The team at StuyTown Property Services has embarked on another sustainability initiative. After extensive research, and engineering, we have identified Combined Heat and Power (CHP), also known as cogeneration as our next green initiative. The Combined Heat and Power Plant produces electricity and thermal energy on site, supplementing energy provided to us from Consolidated Edison.
The CHP plant designed for Stuyvesant Town will generate just over two megawatts of electric power. Simultaneously, the heat generated by the engines will produce steam which will be used to heat and supply hot water for 24 addresses in the south-east corner of Stuyvesant Town. The installation of boilers will help supplement heavy load days and give the property redundancy.
Generally large-scale utilities produce energy at an efficiency rate of 45%- 55%, while using CHP to produce electricity and thermal energy at a local level will operate at a rate of 65%-85% efficiency. The CHP designed for Stuyvesant Town will operate at an 82% efficiency rate which will reduce current greenhouse gas emission by 903 metric tons.
Additionally, the 80 acre property is in the process of installing the largest privately funded multi-family solar array in the country on its 22 acres of rooftops. This project almost doubles the solar capacity in Manhattan and is the equivalent of removing 11,972 cars from the road. The reduction of greenhouse gases, in conjunction with Peter Cooper Village Stuyvesant Town participation in the NYC Carbon Challenge, further emphasizes our commitment to sustainability and leadership in the Multifamily Community in NYC.
1. What is Combined Heat & Power (CHP)?
Combined Heat & Power is the process where natural gas powers an engine connected to a generator. This generator produces electricity and the byproduct of this process is thermal energy (heat). This thermal energy is used to make steam or hot water. This is a very efficient use of energy as there is very little ‘wasted’ energy.
2. Is CHP the same as Co-Generation?
Yes. Co-Generation, or COGEN, is another frequently used term.
3. How exactly does Combined Heat & Power Plant (CHP) work?
A good explanation of CHP can be found here.
4. Why are you doing this?
The CHP system installation is the next phase of StuyTown Property Services’ sustainability initiative to reduce PCVST’s Greenhouse Gas Emissions (GHG). The project will reduce current GHG by an estimated 903 metric tons annually; the equivalent of 2.2 million miles driven by an average passenger vehicle.
5. How large is the project?
The project will generate two megawatts of electric power and enough thermal energy to provide hot water / steam to 24 StuyTown addresses.
6. Have other residential buildings installed CHP?
Yes, other buildings in NYC have installed CHP systems. Hudson Yards will have a NYC leading 13.2MW CHP system providing electricity and steam/heat for both residential and commercial space.
7. Will the Combined Heat & Power Plant (CHP) Unit be visible?
No, the CHP unit itself will be housed in a green roof structure between the 245 Ave C and 271 Ave C buildings. The final structure, at 14’ above grade, will convert the current landscaping department’s chain link fenced warehouse area into a beautiful green roof garden along with a garden on the M level.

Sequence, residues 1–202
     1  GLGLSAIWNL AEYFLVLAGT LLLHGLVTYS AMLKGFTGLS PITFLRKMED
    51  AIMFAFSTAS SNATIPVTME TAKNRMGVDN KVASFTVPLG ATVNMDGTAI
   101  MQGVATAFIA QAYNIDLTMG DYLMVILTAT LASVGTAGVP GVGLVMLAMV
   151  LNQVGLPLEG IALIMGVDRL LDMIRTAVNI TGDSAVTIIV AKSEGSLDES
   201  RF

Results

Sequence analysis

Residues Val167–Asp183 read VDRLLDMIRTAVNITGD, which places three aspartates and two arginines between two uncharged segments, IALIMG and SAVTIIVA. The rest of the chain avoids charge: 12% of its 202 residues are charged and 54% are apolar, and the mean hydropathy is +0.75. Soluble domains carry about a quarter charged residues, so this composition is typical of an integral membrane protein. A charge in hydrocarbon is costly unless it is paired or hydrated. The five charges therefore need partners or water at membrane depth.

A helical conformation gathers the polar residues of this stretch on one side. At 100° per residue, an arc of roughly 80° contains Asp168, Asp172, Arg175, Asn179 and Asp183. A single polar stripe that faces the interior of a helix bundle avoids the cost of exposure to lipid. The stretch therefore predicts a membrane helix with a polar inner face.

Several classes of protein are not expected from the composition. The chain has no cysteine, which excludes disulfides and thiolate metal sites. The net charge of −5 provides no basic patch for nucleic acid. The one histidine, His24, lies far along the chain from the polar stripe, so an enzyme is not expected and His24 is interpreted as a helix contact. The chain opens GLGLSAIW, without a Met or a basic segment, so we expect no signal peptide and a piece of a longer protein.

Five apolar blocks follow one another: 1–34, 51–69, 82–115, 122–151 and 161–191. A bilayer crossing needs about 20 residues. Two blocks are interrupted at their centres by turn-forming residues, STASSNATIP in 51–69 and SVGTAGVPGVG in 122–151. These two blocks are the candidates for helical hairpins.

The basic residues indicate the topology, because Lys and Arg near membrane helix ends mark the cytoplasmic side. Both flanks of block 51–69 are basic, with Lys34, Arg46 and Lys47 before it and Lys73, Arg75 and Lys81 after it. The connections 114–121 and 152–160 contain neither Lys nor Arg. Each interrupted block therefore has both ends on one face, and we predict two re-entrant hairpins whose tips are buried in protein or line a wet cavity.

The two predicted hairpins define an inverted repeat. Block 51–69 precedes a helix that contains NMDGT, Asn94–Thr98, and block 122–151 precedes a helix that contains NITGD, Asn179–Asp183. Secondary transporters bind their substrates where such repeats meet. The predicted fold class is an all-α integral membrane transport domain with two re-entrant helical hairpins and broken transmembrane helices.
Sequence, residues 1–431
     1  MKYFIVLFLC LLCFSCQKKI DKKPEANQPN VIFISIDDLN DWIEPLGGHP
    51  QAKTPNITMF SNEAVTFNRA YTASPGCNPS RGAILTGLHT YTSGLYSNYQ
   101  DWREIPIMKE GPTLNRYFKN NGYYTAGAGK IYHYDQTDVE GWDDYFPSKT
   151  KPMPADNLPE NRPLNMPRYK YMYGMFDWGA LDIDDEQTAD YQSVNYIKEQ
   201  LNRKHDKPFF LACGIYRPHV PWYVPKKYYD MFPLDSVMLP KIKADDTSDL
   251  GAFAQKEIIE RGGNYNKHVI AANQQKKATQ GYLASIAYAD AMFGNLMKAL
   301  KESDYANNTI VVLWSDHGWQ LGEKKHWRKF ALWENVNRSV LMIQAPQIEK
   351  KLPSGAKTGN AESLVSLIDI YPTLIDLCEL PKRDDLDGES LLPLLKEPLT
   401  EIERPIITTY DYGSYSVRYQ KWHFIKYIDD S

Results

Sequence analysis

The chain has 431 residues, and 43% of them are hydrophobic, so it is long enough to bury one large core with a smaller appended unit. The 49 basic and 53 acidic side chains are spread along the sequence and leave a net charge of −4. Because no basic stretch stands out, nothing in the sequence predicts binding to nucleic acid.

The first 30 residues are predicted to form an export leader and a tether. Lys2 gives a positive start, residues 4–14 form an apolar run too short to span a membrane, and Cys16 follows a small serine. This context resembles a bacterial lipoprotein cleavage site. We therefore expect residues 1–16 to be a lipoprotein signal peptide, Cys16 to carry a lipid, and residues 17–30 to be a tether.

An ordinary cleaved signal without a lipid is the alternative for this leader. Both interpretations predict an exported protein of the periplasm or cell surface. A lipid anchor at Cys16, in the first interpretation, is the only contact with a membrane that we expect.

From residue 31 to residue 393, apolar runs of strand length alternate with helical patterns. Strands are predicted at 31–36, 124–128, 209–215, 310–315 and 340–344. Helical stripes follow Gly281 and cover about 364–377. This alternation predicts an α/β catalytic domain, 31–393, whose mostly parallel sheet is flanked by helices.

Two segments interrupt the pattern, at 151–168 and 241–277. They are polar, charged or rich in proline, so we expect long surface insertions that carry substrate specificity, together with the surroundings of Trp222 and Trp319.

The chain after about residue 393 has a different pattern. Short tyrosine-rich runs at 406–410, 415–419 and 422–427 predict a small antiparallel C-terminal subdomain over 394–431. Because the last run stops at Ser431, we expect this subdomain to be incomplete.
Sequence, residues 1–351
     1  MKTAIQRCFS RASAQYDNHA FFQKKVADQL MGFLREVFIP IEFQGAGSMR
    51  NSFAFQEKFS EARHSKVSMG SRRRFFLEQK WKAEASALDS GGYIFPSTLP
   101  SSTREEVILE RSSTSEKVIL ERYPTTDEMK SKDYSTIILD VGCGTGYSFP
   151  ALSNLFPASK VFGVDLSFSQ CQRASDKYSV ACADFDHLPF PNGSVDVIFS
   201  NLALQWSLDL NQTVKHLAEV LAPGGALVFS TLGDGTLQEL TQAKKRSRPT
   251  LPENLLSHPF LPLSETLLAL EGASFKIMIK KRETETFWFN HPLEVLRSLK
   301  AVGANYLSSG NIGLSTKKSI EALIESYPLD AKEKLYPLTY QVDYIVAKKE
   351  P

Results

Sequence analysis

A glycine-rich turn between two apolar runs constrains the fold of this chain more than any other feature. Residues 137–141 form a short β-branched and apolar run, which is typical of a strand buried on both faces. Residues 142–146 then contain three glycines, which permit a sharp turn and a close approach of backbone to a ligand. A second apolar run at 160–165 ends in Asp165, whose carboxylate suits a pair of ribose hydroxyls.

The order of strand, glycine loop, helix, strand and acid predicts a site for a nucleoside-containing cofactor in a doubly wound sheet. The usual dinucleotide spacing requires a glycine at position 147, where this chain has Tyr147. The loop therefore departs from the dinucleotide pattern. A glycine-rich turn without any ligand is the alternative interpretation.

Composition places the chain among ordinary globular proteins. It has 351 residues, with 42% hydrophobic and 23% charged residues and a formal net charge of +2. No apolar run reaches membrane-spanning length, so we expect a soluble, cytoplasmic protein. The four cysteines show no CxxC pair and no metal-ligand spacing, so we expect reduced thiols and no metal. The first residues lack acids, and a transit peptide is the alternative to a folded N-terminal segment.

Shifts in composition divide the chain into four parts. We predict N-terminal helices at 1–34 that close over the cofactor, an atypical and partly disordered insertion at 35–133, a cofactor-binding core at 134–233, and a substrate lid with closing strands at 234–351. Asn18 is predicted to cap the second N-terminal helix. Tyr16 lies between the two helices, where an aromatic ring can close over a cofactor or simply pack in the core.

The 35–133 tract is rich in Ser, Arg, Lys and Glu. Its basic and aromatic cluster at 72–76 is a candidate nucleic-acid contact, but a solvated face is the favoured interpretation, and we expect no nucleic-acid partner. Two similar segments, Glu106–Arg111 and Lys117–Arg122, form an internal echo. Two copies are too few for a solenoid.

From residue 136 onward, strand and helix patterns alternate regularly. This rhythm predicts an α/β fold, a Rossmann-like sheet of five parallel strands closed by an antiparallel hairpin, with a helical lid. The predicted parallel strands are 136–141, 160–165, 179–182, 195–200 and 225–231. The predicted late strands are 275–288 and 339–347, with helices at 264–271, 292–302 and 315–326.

8. Will there be a Major Capital Improvement (MCI) charge added to the rents because of this project?
No. This project will not be filed as a major capital improvement. There will be no cost to residents.
9. Will this initiative affect my heat or power?
No, there will be no difference to the power, heat or hot water in your apartment.
10. Does the Combined Heat and Power Site pose any health risks?
There are no health risks that come with the installation or operation of this system.
11. What will Combined Heat & Power Plant (CHP) be powering?
The CHP plant will provide heat and hot water to 24 addresses in the south-east corner of Stuyvesant Town. The estimated 2 megawatts of generated electric power will go directly into the conEdison grid.
12. Will the Combined Heat & Power Plant (CHP) be noisy?
No, baseline noise level readings have been taken to assure that the CHP plant will create no more noise than what exists today. With regards to construction, communication regarding that timeline will be provided to residents and in accordance with StuyTown Property Services construction days/hours. Calendars (two weeks at a time) will be posted in bulletin boards informing residents of red (loud), yellow (intermittent noise), and green (minimal noise) days.
13. Who is responsible for maintaining the Combined Heat & Power Plant (CHP)? SPS or ConEd?
SPS is responsible for all maintenance relating to equipment and the structure.
14. Is the Combined Heat & Power Plant (CHP) a permanent addition to the property?
Yes, the structure is permanent and the life span of the equipment is 20 years.
15. What is the timeframe for this project?
The construction of the CHP structure is planned to begin this fall and continue through mid-2020. Again, specifics will be made known to residents, especially those in surrounding buildings, when known throughout the project.
16. Is ownership looking at other renewable sources?
StuyTown Property Services continues to look at new technologies and other ways to reduce GHG emissions from the two communities.
17. Will there be any work that requires access to my apartment?
No, there will be no need to access resident apartments.
18. Where and when will this work occur?
The work will be completed from 9am – 5pm on the site between 245 Avenue C and 271 Avenue C, just above the Garage #5 entrance. Work will also occur in various mechanical rooms located on Avenue C as the heat/steam is tied into current systems. At times, staging will occur on the Avenue C Loop Road, the service road on Avenue C, and other areas as needed.